Persian rug

Weave of an Antique Persian Kirman rug

Antique Persian Rug

Antique Persian Kirman rug

Do you like antique rugs, or modern rugs? Personally, I like them all.

Find these rugs and more at JessiesRugs.com

New Year, New Rugs

With a New Year comes new resolutions and often a refreshing change in our home’s decorations. Below are some of the new vintage Persian rugs we have added to our shop in the last couple of weeks, perfect for warming floors and adding a touch of brightness in the coldness of winter.

First up is a beautiful Persian Bidjar rug with jewel tones of aqua and pink-salmon. This lively rug has a super thick pile, perfect for a high-traffic area with a pad underneath. With a fine-weave, this collectible peace will add elegance and brightness to any room. This rug is in line with the traditional design one would expect to see in a Persian rug.

Persian Rug

Small Persian rug

Currently my favorite rug in the shop, below is a stunning antique Persian Kirman rug. It is easy to get lost in the intricate details of this fine piece. From small blue cypress trees to swirling, curvilinear floral motifs, this rug exudes elegance. This Persian Kirman is perfect for an upscale, classy home with muted color tones and just the right amount of wear.

Persian rug

Antique Persian Kirman rug

Persian Kirman rug

Close-up tree motifs in antique Persian Kirman rug

Last, but definitely not least, is this absolutely amazing Persian runner rug. If you are looking to brighten up a dark hallway, this is the rug for you. Jewel-tones of blue and green give highlights to the beautiful red-orange border on this gorgeous antique Persian rug. The all-over design in the field is captivating and will have all your guests raving about your taste in rugs.

Antique Oriental rug

Antique Persian Rug runner

Find these rugs and more at JessiesRugs.com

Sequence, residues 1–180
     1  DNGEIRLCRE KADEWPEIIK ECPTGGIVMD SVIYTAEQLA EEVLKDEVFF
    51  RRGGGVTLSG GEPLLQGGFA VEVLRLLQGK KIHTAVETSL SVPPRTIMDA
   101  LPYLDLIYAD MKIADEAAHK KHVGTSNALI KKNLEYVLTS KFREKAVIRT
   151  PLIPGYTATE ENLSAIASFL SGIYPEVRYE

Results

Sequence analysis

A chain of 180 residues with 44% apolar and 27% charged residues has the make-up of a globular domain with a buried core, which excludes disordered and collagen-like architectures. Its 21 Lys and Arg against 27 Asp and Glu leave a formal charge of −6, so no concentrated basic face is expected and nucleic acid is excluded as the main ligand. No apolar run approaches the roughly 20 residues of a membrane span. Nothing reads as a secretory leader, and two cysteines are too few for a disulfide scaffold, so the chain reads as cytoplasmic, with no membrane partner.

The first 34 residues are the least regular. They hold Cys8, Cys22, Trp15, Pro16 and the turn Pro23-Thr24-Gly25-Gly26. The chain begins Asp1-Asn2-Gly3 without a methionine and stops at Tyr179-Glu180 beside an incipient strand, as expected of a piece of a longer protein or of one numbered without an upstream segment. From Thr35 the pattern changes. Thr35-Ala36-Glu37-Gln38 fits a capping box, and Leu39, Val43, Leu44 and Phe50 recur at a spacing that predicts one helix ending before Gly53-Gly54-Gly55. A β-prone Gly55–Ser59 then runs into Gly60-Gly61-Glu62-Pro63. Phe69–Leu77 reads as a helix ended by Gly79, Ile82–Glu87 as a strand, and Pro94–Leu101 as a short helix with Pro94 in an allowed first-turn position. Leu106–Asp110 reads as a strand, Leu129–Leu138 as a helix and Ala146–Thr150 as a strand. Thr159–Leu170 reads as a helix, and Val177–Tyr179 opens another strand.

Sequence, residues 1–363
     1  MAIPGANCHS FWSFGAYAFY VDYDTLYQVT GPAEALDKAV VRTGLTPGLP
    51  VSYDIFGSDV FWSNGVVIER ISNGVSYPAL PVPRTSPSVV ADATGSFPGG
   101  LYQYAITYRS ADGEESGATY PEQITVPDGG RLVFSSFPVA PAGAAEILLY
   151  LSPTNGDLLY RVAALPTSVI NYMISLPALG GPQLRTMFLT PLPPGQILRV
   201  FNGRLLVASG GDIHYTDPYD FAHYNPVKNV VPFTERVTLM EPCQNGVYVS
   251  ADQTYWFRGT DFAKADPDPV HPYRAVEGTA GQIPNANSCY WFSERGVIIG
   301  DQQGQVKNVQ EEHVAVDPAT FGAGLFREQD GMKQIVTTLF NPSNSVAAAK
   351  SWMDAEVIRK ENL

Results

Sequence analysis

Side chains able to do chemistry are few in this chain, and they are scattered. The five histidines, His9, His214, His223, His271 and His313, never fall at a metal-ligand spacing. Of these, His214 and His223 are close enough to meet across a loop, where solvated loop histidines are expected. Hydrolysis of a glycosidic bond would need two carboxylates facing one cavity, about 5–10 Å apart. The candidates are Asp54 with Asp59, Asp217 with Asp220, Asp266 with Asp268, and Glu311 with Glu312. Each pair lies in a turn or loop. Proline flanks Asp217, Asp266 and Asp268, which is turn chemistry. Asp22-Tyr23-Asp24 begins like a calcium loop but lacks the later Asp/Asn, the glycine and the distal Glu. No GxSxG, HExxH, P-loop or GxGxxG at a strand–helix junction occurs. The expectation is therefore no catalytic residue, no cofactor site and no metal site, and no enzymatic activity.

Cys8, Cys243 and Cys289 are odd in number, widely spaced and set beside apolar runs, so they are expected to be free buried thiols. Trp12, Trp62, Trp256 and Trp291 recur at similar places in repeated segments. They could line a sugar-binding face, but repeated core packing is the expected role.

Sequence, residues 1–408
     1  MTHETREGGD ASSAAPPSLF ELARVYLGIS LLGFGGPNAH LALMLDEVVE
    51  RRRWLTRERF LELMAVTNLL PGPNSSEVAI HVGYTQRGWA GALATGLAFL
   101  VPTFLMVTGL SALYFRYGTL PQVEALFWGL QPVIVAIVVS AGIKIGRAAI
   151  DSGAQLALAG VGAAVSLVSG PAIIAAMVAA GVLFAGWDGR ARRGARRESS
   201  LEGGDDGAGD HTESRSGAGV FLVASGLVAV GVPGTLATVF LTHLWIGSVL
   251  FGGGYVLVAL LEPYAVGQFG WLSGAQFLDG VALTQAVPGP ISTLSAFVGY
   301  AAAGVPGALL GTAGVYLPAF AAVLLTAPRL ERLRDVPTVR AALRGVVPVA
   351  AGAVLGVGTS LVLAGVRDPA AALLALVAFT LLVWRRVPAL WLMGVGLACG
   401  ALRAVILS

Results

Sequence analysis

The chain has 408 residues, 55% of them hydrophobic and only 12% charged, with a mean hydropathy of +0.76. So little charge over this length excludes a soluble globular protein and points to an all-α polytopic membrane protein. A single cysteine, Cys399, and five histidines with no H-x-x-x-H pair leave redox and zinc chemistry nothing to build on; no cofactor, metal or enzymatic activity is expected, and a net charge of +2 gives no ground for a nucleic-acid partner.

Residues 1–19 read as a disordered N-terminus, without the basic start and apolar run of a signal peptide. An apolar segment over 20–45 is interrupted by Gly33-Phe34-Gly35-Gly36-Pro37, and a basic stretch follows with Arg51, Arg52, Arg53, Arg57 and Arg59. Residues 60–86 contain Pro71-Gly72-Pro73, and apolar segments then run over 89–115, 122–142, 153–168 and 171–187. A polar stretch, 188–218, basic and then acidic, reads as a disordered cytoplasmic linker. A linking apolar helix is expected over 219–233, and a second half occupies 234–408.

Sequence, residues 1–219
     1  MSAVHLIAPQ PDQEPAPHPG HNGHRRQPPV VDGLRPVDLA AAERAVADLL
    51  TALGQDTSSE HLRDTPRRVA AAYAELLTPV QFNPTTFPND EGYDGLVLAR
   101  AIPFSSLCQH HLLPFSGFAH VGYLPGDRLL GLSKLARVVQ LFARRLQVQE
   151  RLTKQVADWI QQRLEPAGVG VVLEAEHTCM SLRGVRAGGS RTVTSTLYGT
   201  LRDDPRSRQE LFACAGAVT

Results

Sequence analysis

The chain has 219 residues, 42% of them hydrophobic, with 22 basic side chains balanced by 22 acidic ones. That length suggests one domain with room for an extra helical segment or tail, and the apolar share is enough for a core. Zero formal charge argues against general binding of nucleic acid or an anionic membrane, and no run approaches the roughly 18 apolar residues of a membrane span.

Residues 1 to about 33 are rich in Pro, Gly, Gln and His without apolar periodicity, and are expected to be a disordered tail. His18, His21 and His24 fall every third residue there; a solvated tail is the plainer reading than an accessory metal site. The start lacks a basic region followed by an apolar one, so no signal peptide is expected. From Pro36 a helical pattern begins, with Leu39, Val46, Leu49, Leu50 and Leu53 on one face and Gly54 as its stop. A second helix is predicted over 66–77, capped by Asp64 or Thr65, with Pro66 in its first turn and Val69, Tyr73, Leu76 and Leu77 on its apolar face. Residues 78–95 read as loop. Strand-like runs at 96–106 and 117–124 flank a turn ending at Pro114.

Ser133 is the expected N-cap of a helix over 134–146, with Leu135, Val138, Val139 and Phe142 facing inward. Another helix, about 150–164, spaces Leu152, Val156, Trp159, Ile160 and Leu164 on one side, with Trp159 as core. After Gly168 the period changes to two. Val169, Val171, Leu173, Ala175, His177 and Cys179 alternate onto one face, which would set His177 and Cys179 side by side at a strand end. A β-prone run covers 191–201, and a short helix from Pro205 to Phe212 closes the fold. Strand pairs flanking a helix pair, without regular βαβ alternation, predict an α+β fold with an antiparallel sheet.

Persian Rug Infographic

This is a simple infographic summarizing the general characteristics of Persian rugs.

Persian rugs

Persian rug Infographic

The different types of Persian rugs are named after the region in which they are woven. For example, a Hamedan rug will be made in either the province or city Hamedan in Iran. There are several exceptions to this rule such as Sarouk rugs which are made in the city of Arak as well as Saruk.

Persian rugs are not only the most well-known type of Oriental rug, but one of the most popular. Many associate the Persian rug with wealth and luxury. The two general types of Persian rugs are those made in cities and those made in villages. They are distinguishable by their weave, materials and designs. When grouped together city rugs will appear more uniform, as they follow stricter patterns.

The designs found in Persian rugs vary greatly from single or multiple medallions to all-over patterns with floral or geometric elements. Whether you are looking for a tribal rug with bold colors or a sophisticated floral rug with soft curvilinear designs, you can be sure to find what you are looking for in our selection of Persian rugs.

Adding New Rugs Daily

Mike and I have been super busy restocking our shop with beautiful Oriental rugs! Check out some of our newly added beauties below:

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Shop our rugs here>

Persian Rugs, Always In Style

A good quality authentic Persian rug will never go out of style. Persian rugs are a timeless work of art and although styles are constantly evolving, you will always find a traditional vintage Oriental rug on a hardwood floor will ground your space and warm up your room.

persian rug

A traditional red, blue and ivory room-size vintage Persian rug Shop Now >

Decorating with Worn Antiques

Recently there has been a new style gaining popularity involving worn antique rugs. Years ago, a customer would bring their antique rug to the local rug shop to be restored to it’s original luster. However, now customers hunt for that worn and torn look that fits so well in their rustic and bohemian style homes.

Antique Persian rug

A worn antique Persian rug Shop Now >

Oriental Rug Styles

The type of Oriental rug on your floor says a lot about your character and style. Whether it is an antique Caucasian Kuba or a more modern Persian Kirman each rug sets the stage for your space.

This article on Houzz showcases several great tips on decorating with an Oriental rug including: Keep patterns in the same color family, decorate with neutral colors such as white paint on the walls to showcase the rug, and vary the scale of patterns in other sections of the space so that they are not competing.

While styles change, cabinets are replaced and walls are painted, the Oriental rug remains a timeless anchor in interior decorating.

Newly Added and More to Come

We have been very busy shopping for vintage rugs to find the best deals for our customers. Here are some of our recently added rugs.